I recently attended a clergy retreat nestled up against the entrance to Saguaro National Park. It was the first time I’d ever experienced this part of the desert southwest. With spring blossoms and bird migration, I was drinking in the beauty (and some facts) like a thirsty sponge.
I discovered that the saguaro cactus only grows in this part of the United States. It is generally recognized by the arms that grow from its prickly tubular trunk. Another factoid I discovered is that saguaros do not start out with appendages. Up until the time a saguaro produces a limb, it looks like a gigantic prickly cucumber.
What truly amazed me is the length of time it takes for the cactus’ signature branches to appear. According to park officials, the average saguaro does not grow “arms” until it is between 50 to 70 years of age. In areas of lower precipitation, it may take up to 100 years before arms appear.
But as I reflected on my newly acquired knowledge, I realized cacti aren’t the only living organisms on earth capable of growth as they age. People are, too. Having just celebrated my 61st birthday the week before my Tucson retreat, I was living proof that it’s never too late to grow and reach. It was not too late to grow in my understanding of the world around me.
In my new position at Covenant Shores Retirement Community, I see the capacity for growing “arms of understanding” on a daily basis. Those who are learning how to embrace social media. Those who are reaching to grasp new technologies. Those who are just discovering that their maturity of years qualifies them to speak into the lives of younger people and that those younger actually want to hear what they have to say.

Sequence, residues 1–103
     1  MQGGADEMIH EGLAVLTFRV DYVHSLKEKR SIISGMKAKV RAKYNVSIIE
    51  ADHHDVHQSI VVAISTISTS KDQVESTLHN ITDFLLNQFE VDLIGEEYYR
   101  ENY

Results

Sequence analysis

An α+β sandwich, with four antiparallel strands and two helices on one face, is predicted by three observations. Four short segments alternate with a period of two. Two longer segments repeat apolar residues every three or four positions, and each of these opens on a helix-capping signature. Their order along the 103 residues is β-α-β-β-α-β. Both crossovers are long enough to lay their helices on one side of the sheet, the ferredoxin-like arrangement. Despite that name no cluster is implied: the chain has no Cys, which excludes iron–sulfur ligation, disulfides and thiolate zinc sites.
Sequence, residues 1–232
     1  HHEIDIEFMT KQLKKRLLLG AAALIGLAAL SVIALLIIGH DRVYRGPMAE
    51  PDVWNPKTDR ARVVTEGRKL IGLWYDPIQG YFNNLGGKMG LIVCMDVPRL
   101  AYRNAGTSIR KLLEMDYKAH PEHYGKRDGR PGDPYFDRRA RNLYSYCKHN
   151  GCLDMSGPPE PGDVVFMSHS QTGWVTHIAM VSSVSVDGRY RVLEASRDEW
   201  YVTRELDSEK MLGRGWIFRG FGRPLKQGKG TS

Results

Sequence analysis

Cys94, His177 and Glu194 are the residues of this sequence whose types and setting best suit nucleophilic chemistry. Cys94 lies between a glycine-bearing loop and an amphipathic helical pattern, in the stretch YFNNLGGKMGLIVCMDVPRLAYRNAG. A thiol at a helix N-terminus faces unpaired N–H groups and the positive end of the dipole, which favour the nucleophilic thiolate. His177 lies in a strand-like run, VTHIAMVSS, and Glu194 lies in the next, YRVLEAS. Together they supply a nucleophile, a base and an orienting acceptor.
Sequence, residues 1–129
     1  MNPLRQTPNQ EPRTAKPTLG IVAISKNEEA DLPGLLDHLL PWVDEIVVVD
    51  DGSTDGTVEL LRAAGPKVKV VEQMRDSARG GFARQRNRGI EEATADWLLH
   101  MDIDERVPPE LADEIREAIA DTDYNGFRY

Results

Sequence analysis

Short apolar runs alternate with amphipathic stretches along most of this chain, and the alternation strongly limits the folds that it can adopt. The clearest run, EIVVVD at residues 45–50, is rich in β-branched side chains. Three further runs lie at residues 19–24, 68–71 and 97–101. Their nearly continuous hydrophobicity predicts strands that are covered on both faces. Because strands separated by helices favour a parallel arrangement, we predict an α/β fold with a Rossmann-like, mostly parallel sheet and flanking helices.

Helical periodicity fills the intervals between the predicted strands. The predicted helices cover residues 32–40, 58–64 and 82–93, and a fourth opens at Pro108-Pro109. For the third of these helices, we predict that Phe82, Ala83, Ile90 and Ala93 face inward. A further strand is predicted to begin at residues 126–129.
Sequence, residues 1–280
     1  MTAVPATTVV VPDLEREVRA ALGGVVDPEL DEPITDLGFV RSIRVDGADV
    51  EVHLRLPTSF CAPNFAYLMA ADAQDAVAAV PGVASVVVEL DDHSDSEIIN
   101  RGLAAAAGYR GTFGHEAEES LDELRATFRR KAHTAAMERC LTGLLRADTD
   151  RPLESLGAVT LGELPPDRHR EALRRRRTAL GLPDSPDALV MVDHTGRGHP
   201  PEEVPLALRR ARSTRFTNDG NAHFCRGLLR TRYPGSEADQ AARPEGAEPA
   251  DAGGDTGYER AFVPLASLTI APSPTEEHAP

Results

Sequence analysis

Moses was 80 years old before God deemed him ready to lead the Israelites out of Egyptian bondage. The first 40 years of his life were invested in being trained in leadership in the courts of Pharaoh. The second 40 years provided him with knowledge of the Sinai wilderness, where he would be called to shepherd God’s people. By the time he turned 80, he was ready for a new assignment.
Perhaps we all need to learn the lesson of the cactus. There are opportunities to grow and reach regardless of our age.